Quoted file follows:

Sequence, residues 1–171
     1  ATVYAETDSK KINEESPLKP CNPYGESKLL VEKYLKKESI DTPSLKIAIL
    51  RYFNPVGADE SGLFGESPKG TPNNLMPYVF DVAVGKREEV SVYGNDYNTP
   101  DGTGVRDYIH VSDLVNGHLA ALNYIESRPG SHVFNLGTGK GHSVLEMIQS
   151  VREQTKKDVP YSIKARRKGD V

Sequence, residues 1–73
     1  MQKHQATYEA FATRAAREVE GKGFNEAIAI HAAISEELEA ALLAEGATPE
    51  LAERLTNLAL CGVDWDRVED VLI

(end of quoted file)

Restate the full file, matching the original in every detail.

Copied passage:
Sequence, residues 1–171
     1  ATVYAETDSK KINEESPLKP CNPYGESKLL VEKYLKKESI DTPSLKIAIL
    51  RYFNPVGADE SGLFGESPKG TPNNLMPYVF DVAVGKREEV SVYGNDYNTP
   101  DGTGVRDYIH VSDLVNGHLA ALNYIESRPG SHVFNLGTGK GHSVLEMIQS
   151  VREQTKKDVP YSIKARRKGD V

Sequence, residues 1–73
     1  MQKHQATYEA FATRAAREVE GKGFNEAIAI HAAISEELEA ALLAEGATPE
    51  LAERLTNLAL CGVDWDRVED VLI